Yet it’s not only kids who act this way. We adults do it all the time, too. We deflect responsibility by taking on a victim mindset, blaming external factors for our mistakes or shortfalls in performance. At work, how often have you heard statements like “the project got delayed,” “the file got lost,” or “the team fell short,” employing a voice of innocence rather than a voice of responsibility?
This victim mindset can be appealing, especially when the going gets tough. It’s a palpable relief to blame our shortcomings on external factors. Gratifying though it may feel in the moment, however, that mindset also leaves us powerless. By relinquishing responsibility and living in a place of resignation and resentment, we surrender our agency.
Leaders work hard to avoid a victim mindset. They empower themselves by looking for elements over which they have control, making astute choices, and acting decisively. They recognize the greatest power they have is the ability to respond in any situation. Flipping the familiar adage on its head, they responsibly believe if you’re not part of the problem, you can’t be part of the solution. Imagine the absurdity of an airline pilot who discovers that one of the jet’s engines has burst into flames midflight, begins cursing the sloppy maintenance crew, and then simply throws her hands up in disgust.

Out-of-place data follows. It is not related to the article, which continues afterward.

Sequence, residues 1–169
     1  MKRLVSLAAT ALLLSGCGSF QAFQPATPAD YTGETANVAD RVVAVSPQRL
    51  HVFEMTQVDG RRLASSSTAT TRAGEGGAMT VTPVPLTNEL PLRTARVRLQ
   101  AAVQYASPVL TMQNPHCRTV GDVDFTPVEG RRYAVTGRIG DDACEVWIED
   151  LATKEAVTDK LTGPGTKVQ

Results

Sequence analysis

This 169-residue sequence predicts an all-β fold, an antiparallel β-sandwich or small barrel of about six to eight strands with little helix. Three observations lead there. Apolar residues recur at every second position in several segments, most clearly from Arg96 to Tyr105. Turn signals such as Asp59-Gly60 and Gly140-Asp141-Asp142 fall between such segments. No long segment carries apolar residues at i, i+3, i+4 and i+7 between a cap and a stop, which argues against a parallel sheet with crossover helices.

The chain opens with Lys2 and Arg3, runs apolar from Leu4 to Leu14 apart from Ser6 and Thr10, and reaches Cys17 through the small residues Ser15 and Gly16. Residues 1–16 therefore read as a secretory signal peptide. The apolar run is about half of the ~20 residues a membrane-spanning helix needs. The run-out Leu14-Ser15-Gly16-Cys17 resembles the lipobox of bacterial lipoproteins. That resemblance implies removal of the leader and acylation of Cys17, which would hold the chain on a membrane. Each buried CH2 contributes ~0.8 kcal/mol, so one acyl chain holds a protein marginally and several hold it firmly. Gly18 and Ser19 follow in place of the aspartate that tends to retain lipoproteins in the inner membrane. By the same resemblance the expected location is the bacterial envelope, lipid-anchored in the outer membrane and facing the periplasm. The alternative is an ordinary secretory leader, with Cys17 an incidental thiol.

Leaders know that while every situation will present them with certain elements outside their control, there will always be at least one element within their control, even if it’s only the ability to respond. This is the concept of being “response-able”† – able to respond – and it may be our species’ greatest gift. The capacity to choose for ourselves in any situation is the embodiment of free will.
We face challenges of every kind all the time. Some are comparatively mild. Others are quite severe, even life threatening. The question to ask in the face of any difficulty is this: how can I best respond to this challenge?
I don’t know if Sophie Scholl expressly asked herself that question or not, but she certainly chose her answer to it.
When you adopt a leadership mindset, you maturely accept your challenges for what they are, including the elements outside of your control, and resolve to respond the best you can. Rather than resignation and resentment, you adopt acceptance and resolve.
Putting it Into Practice
Learning the difference between a victim mindset and a leadership mindset won’t do you any good until you put the knowledge into practice. So here’s my homework for you today: consider the victim stories you struggle with, inside yourself and with others. Share them with a trusted colleague, friend, or partner. Consider how you want to leverage a leadership mindset instead. Make a goal to do so and write it down.
By confronting the victim mindset head-on and choosing to reject it in favor of a life of “response-ability,” you empower yourself in the face of challenges and increase your leadership impact. After all, as a leader you model the behavior others will imitate…for better or worse.
“Between stimulus and response there is a space. In that space is our power to choose our response. In our response lies our growth and our freedom.”
* By referencing Peter this way, I mean him no disrespect but take comfort in his humanity.
† Kofman, Fred. ConsciousBusiness. Boulder: Sounds True, 2006. Print.